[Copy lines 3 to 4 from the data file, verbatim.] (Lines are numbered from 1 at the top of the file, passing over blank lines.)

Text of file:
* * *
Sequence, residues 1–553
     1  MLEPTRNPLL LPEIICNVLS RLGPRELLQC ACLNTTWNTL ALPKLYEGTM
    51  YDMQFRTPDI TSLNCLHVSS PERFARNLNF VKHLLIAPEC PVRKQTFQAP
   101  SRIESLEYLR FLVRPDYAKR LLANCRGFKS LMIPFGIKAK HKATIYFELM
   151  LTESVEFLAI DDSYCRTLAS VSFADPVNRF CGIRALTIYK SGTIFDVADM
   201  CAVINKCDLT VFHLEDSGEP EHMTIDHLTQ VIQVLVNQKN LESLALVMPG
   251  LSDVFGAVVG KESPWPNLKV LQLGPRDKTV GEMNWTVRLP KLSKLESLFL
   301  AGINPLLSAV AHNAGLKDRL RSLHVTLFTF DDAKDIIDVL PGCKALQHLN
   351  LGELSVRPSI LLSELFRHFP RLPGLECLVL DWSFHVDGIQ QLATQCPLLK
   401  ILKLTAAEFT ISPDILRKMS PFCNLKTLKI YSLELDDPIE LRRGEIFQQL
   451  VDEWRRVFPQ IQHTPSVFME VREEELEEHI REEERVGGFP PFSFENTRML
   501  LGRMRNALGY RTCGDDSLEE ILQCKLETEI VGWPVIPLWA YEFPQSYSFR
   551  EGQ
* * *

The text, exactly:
    51  YDMQFRTPDI TSLNCLHVSS PERFARNLNF VKHLLIAPEC PVRKQTFQAP
   101  SRIESLEYLR FLVRPDYAKR LLANCRGFKS LMIPFGIKAK HKATIYFELM